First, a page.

TEHRAN - Loyalists of Iran's Supreme Leader Ayatollah Ali Khamenei have won most seats in the Islamic Republic's parliamentary election, reducing President Mahmoud Ahmadinejad to a lame duck.
"The vote showed that there is a deepening rift between the ruling elites, analyst Hamid Farahvashian told Reuters on Sunday, March 4.
It might emerge in the coming weeks."
With 90 percent of ballot boxes counted, Khamenei loyalists were expected to occupy more than 75 percent of the 290 seats in the Majlis (parliament), according to a list published by the interior ministry.
In the race for the 30 seats in the capital Tehran, a Reuters tally of unofficial preliminary returns showed Khamenei supporters had taken 19 and pro-Ahmadinejad candidates the rest.
Pro-Khamenei candidates won in the Shiite holy cities of Qom and Mashhad.
The Supreme Leader's loyalists were also leading in other major provincial cities like Isfahan and Tabriz, where over 90 percent of voters backed Ahmadinejad in the 2009 parliamentary poll.
Even in rural areas that have been strongholds of Ahmadinejad's and his populist brand of non-clerical nationalism, Khamenei loyalists appeared to have swept around 70 percent of the seats.
Independents and women candidates fared relatively well in many provincial towns, where they campaigned on the immediate concerns - generally economic -- of their constituents.
The results of Friday's vote are hard to compare with the outgoing parliament since Khamenei and Ahmadinejad loyalists were united in the 2008 elections, garnering about 70 percent of seats.
Tensions between Khamenei and Ahmadinejad surfaced last year when the president tried to sack his intelligence minister.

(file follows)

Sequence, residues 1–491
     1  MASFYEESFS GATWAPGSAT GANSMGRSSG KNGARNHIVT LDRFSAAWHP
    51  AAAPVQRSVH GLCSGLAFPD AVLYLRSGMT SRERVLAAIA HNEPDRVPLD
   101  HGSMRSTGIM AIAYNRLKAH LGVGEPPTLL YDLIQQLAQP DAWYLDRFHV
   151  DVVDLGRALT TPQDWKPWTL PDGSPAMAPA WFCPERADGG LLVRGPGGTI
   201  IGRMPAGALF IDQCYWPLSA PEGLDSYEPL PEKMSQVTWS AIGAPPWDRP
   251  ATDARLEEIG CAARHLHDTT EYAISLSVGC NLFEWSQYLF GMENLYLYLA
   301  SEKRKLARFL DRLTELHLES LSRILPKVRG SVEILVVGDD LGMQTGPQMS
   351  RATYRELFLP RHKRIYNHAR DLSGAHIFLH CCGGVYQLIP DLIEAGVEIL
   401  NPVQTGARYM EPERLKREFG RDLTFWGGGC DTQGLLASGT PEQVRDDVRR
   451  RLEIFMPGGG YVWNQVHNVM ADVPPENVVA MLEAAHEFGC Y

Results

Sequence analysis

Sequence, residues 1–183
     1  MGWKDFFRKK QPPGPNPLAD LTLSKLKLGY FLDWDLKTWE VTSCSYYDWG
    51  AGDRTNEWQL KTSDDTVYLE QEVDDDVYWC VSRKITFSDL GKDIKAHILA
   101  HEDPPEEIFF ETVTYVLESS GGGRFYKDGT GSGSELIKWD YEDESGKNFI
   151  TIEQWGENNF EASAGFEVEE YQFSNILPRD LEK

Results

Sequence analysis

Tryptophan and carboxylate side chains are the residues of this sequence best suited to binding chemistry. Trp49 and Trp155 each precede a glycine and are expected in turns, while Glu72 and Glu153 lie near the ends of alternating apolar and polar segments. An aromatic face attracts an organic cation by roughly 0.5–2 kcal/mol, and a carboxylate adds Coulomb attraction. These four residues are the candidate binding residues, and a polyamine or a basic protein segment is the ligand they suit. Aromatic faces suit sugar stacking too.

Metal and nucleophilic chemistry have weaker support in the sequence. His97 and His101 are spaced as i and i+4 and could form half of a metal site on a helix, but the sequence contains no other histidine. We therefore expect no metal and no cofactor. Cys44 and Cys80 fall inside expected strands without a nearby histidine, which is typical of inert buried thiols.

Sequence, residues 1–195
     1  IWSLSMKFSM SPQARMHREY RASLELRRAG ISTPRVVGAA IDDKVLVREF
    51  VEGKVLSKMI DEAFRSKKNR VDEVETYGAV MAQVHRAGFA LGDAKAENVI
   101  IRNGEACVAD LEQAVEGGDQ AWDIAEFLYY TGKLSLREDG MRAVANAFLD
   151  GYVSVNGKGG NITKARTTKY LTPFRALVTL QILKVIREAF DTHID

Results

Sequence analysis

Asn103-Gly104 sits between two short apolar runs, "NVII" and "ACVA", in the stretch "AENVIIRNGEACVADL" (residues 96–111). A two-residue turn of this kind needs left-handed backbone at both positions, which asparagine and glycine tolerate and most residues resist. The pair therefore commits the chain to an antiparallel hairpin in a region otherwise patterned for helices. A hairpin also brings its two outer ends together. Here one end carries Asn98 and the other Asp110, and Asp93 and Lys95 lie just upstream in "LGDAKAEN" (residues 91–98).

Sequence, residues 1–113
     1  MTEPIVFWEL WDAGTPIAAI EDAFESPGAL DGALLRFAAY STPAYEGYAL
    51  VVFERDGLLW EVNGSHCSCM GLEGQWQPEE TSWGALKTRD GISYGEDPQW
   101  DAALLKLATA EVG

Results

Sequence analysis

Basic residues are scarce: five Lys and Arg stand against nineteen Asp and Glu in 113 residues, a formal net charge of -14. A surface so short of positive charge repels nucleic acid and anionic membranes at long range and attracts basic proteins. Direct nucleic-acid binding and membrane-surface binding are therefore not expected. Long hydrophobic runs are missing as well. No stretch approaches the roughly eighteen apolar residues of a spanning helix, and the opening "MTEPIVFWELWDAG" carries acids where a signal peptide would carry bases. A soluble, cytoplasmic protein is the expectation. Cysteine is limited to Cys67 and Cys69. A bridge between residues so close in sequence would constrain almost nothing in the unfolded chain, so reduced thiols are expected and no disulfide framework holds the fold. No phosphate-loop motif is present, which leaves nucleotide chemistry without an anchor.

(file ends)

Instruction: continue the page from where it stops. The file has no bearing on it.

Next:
After boycotting his own office for several days in protest, the president returned to work.
Since then, those loyal to Khamenei have used every opportunity to undermine Ahmadinejad, accusing him of challenging the supreme leader's authority and being under the spell of a "deviant current" that has attempted to dilute the Islamic nature of Iran's government.
The election results are expected to reduce President Ahmadinejad to a lame duck
"Ahmadinejad's camp has not been demolished, analyst Farahvashian told Reuters.
We have to wait and see what happens after the new parliament convenes in June."
Ahmadinejad is likely to be summoned to an unprecedented hearing in the outgoing parliament by Friday to answer questions about his handling of the economy and foreign policy.
Some critics say he has inflicted higher inflation on Iranians by slashing food and fuel subsidies and replacing them with cash handouts of about $38 a month per person.
Parliament could impeach Ahmadinejad if his explanations are unconvincing, but Khamenei's green light would be needed.
Analysts said Ahmadinejad is likely to survive his term - but as a lame duck president.
"The establishment is under Western pressure and does not want to look divided," said analyst Babak Sadeghi.
"Ahmadinejad will finish his term as a weak executive."
Under mounting Western pressure over its nuclear program and concerns that Israel might attack, Iran's clerical elite needed a high election turnout to shore up their legitimacy damaged since Ahmadinejad's 2009 re-election, in which fraud allegations triggered eight months of anti-government protests.
Khamenei, 72, said a high turnout would be a message of defiance to "the arrogant powers bullying us," a reference to Western states and sanctions against Iran.
State officials said the turnout was over 64 percent, higher than the 57 percent in the 2008 parliamentary vote.
Absent from the vote were the two main opposition leaders. Mirhossein Mousavi and Mehdi Karoubi, who ran for president in 2009, have been under house arrest for more than a year.Iran denies Western suspicions that it is enriching uranium with the ultimate goal of developing nuclear weapons, saying the program is for peaceful energy only.